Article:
Grassley called it the "Thurmond-Leahy" rule, after former Sen. Strom Thurmond and current Judiciary Committee Chairman Pat Leahy (D-Vt.). He also rejected the idea that Republicans should not invoke this rule because they have not confirmed enough judicial nominations for the Obama administration.

"Since 2008, the Senate has confirmed 149 circuit and district court judges and two Supreme Court Justices nominated by President Obama, and his term is not over," he said. "During President Bush's entire second term, which was the last time two Supreme Court Justices were confirmed, the Senate confirmed a total of only 119 circuit and district court judges."

He also said the Senate confirmed a similar number of circuit court nominees as was confirmed for President George W. Bush, and even more district court nominees.

"Based on this record, it's disingenuous to suggest that Senate Republicans have not been fair in the consideration and confirmation of judicial nominees," he said. "And, it is entirely appropriate and consistent with past practice to invoke the Thurmond-Leahy rule at this point."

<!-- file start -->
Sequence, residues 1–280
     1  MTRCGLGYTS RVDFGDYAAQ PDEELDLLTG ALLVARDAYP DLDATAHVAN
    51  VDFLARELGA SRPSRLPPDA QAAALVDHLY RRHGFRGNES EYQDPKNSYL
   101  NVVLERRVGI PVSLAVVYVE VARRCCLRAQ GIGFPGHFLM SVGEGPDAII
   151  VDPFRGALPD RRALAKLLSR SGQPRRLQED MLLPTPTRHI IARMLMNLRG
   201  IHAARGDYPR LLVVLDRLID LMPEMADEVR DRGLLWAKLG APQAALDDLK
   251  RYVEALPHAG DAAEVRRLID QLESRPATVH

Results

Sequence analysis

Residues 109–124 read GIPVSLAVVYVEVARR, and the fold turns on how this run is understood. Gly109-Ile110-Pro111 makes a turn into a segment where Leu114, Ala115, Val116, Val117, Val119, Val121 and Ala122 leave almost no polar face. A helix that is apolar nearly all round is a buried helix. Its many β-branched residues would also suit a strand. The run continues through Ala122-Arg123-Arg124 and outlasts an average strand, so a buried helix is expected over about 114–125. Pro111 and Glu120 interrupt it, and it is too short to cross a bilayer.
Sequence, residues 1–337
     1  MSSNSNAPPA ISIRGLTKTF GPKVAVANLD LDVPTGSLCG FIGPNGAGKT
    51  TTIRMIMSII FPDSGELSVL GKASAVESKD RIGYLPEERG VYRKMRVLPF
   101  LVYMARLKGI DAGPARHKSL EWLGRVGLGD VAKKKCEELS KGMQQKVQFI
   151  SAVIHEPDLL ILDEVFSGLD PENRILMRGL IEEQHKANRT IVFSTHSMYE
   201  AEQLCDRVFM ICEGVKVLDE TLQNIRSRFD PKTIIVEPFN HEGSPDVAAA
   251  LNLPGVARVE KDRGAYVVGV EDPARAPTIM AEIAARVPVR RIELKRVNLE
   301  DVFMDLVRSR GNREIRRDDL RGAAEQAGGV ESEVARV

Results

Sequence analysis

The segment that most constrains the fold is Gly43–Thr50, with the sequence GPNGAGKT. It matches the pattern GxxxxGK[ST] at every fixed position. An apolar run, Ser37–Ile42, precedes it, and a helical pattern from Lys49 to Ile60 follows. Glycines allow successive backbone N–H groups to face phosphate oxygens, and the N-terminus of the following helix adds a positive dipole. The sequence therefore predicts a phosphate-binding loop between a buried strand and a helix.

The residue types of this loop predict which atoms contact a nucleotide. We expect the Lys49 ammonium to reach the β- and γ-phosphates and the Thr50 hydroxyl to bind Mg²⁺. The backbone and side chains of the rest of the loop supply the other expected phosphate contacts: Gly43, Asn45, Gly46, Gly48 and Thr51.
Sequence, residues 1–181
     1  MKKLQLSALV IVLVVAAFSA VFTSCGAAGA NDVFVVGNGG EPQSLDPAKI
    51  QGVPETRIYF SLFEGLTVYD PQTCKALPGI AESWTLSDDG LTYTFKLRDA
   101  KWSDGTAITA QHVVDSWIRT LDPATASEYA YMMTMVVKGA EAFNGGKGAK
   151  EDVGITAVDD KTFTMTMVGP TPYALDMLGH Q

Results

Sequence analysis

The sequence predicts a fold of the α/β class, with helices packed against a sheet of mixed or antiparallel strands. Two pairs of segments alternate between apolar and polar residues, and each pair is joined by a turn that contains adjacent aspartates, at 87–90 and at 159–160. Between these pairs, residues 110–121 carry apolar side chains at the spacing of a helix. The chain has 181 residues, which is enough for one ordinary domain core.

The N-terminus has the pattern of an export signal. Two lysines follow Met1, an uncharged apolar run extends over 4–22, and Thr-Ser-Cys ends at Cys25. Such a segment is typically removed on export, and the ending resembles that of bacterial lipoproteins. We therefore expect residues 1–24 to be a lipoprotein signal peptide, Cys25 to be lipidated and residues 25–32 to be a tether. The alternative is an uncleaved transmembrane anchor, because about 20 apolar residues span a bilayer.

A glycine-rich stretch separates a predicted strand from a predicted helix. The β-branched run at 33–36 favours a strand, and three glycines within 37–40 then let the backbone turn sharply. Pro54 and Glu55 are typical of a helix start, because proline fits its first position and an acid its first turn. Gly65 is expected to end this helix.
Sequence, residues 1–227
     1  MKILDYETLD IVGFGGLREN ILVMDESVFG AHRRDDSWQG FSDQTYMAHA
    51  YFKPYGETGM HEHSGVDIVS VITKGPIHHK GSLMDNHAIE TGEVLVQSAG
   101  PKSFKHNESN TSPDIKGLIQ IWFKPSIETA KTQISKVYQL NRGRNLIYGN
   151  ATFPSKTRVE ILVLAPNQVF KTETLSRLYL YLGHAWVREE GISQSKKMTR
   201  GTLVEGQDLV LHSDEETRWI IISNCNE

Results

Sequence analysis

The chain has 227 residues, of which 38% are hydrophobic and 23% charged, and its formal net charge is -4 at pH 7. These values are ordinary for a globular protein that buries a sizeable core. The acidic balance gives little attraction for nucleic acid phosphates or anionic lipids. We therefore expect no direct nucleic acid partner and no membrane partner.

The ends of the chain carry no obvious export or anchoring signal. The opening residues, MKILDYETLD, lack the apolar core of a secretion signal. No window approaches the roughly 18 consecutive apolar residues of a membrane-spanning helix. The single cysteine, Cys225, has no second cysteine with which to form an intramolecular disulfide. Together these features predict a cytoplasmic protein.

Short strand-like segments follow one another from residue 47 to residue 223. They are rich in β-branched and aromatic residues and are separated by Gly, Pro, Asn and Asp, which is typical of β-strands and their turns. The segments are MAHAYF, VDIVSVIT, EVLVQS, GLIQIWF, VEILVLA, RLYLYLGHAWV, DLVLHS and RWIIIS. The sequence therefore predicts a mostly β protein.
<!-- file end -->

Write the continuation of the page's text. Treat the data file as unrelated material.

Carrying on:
Earlier Thursday, Leahy said he would keep pressing to allow votes for circuit court judges, and accused Republicans of obstructionism.

"It is hard to see how this new 'Thurmond Rule' shutdown is anything more than another name for the stalling tactics we have seen for months and years," he said.

The GOP decision came just two days after Grassley demanded that the Senate vote again on the nomination of Andrew Hurwitz to serve in the 9th Circuit. Grassley said he was not aware Democrats would voice-vote Hurwitz, and said he never agreed to yield debate time in order to hold the vote Tuesday.